Official German translations of Games can be hard to find sometimes. PAL versions of SNES games are worth two to three times as much as their North American counterparts simply because of their limited distribution. RPG games, which depend on a storyline, and rich dialouge tend to also be valued by collectors. This means somebody has to have the money to purchase the more exspensive PAL (RPG) game, and the know-how to dump the memory of the game onto a computer, compile it as a ROM, and then distribute it. It does not help that this all exists in a legal gray area. One also takes the risk of depreciating the value of the game cartridge now that it will be avaiable for free download.

Still, the online game translation community is a stomping ground for budding computer-savy translators to build their translation portfolio (same link as above). Sometimes there are parts of the games that can be glitchy, or untranslated, but if you’re trying to learn a new language or understand a game you want to play you really can't go wrong.

Thursday, September 8, 2011

More on The Eyes: Pupillometrics

I wrote an article on NLP and visual accessing cues that got a lot of positive feedback from readers. I thought I would write another quick article on the eyes. This is about a cool little thing you can try out with anyone.

Simply put; when we see things we like, our pupils dilate in order to take in more light, and so that we can also better see what we are looking at. When our pupils dilate, we are also looking at a person, picture, or object more closely; which causes the pupil-dilation (exactly like a camera lens). A book on dating or attraction my tell you that pupil dilation is a sign of attraction, and it is, but this is not always the case.

The study of pupil size is called pupillometrics. And there have been all sorts of studies done on the subject, you can probably try out a few with your friends! A hungry person's pupils will dilate when they are shown food. A woman's pupils will dilate when shown pictures of a child. A ornithologist's eyes will probably dilate if you show them a picture of a bird.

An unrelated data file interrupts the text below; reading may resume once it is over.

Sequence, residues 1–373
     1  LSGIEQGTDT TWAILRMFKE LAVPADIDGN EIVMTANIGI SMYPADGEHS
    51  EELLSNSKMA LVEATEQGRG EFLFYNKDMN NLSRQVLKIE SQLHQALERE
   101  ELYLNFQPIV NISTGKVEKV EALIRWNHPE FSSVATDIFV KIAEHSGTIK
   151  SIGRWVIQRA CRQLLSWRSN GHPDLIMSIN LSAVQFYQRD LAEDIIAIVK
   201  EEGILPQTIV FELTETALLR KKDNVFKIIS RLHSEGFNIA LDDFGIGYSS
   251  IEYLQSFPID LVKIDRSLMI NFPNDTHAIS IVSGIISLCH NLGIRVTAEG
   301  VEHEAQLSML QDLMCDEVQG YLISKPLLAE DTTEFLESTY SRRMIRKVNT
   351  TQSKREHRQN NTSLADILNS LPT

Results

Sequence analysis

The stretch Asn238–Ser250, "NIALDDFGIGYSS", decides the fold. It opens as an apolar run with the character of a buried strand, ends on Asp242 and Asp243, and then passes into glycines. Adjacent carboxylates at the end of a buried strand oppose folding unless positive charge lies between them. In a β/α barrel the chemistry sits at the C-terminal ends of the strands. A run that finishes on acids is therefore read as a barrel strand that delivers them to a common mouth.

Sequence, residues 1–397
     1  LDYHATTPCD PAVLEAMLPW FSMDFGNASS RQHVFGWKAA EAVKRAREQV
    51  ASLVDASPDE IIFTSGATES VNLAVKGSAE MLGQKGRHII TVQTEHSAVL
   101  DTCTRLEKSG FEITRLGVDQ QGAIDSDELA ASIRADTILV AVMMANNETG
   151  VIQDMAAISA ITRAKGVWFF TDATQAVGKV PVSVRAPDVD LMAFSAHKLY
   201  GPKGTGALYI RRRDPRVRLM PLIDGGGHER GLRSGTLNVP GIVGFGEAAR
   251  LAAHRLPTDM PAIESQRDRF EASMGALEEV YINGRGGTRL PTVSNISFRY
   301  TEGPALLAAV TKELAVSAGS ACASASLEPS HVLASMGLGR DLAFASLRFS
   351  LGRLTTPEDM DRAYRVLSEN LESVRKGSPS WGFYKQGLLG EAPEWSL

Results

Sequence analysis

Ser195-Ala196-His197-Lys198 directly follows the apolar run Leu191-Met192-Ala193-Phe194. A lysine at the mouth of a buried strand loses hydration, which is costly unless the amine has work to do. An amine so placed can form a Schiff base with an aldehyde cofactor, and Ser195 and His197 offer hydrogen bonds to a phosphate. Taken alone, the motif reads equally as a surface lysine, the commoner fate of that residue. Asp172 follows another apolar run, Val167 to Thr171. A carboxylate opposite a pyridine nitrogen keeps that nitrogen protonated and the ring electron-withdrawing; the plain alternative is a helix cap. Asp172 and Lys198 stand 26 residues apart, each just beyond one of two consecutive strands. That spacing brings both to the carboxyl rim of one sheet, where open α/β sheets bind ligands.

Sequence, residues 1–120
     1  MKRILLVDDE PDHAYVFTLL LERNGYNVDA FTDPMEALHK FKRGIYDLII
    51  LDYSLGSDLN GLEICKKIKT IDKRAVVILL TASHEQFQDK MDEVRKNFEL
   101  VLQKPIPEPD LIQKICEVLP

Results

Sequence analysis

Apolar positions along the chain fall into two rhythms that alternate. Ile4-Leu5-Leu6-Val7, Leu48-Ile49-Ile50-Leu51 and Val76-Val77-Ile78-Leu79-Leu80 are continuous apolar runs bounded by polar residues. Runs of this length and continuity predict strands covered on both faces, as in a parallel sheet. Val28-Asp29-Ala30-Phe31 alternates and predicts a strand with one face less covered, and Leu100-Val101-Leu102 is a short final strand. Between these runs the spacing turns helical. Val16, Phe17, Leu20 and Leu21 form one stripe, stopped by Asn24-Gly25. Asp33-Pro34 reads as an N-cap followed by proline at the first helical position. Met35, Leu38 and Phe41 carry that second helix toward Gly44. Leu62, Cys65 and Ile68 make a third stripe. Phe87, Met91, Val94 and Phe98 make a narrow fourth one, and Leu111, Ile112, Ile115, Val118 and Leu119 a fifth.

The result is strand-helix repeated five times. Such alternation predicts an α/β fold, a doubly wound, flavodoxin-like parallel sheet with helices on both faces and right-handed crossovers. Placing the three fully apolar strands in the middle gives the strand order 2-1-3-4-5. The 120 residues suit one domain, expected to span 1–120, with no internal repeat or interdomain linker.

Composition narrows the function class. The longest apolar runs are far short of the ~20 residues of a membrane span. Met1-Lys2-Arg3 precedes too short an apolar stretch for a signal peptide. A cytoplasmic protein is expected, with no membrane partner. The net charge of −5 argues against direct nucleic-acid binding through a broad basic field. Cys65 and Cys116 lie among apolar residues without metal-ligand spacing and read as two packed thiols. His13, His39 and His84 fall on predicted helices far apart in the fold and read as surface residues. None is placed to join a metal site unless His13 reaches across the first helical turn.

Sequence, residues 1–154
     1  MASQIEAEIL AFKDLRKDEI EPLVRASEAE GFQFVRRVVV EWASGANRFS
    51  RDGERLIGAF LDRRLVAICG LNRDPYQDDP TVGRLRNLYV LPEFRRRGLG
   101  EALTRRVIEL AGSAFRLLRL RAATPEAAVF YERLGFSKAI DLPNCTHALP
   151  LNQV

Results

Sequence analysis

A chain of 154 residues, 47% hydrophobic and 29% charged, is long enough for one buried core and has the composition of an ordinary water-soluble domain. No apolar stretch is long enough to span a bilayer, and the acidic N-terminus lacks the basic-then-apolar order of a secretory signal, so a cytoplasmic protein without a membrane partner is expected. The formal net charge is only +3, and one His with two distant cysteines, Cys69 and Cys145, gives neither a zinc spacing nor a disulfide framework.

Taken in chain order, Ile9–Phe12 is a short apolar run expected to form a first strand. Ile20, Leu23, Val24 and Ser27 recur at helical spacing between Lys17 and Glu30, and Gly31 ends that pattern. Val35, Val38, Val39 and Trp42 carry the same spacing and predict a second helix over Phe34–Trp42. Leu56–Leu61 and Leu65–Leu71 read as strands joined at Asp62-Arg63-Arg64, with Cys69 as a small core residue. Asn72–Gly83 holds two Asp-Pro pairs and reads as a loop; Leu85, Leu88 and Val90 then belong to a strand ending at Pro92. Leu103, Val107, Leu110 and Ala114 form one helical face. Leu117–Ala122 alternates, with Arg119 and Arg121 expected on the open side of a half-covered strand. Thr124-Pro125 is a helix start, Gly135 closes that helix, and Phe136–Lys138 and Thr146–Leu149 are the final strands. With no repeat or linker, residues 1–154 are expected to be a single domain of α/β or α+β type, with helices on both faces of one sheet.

This is one of the reasons poker players wear sunglasses. See a hand you like, and your eyes are going to give you away without you even knowing what's happening. There are of course false tells. Many types of mushrooms will cause your pupils to dilate, and in the past people would eat certain strains to appear more attractive; as big pupils do not only mean attraction, but also may case somebody to reciprocally feel attracted to somebody whose looking at them with dialed eyes. Whoa, talk about behavior that is hardwired into our brains. Although I wouldn't say that this is an effective strategy for card playing...

Wednesday, September 7, 2011

Jesus' Body Language

I made it to Freiburg alive. On my first day downtown I saw these handles on the University's church:

This is really interesting because exposed hands are a body-language-sign of openness. Take any image of Jesus you have seen; where are his hands, and what are they doing (other than being nailed to a cross)?

This of course is not true for every picture of Jesus, but he is almost never portrayed as aggressive unless the artwork is depicting specific scenes of The Bible (i.e. the cleansing of the temple).

When you expose your palms, your body language is saying that you are being open, welcoming, honest, etcetera. Compared to other things you could be doing with your hands. For example, crossing your arms, or even displaying the back of your hands in certain ways can be perceived as defensive.

Body language isn't something we think about all the time, but it is an important factor in every social situation we are engaged in. The Freiburg University Church was built between 1683, and 1701. It is fascinating that this symbol of body language was incorporated into religious artwork even then!

Tuesday, September 6, 2011

Layover in Iceland

I had a seven hour layover in Iceland that lasted from midnight to seven A.M. I was essentially alone in the airport all night.

Traveling is a blast!

I finally got some time to write so I made a few posts which will be automatically posted. Check back tomorrow!

Friday, September 2, 2011

Germany Bound

Image from Wikimedia Commons .
By the time you read this, I will hopefully be on a plane to Reykjavik, then Frankfurt, and then finally a train to Freiburg im Breisgau. From here on out this site will be the best way to keep in touch with what I am doing while in Freiburg (especially if you came here through Facebook). As a result expect a lot of original pictures and content pertaining to German, Germany, and language learning. Posts will of course still be around central subjects / topics and will not be journal entries.

My program director said to plan on not having Internet for the first month after arrival. In order to plan ahead I had pre-written posts which will be automatically posted, just like this one! Unfortunately I do not save my drafts on Blogger and my computer crashed, and had to be formatted; so those posts are gone. I guess that's what I get for planning ahead. Nevertheless I will have plenty of time while sitting around in airports to type up the articles again. Just give it some time.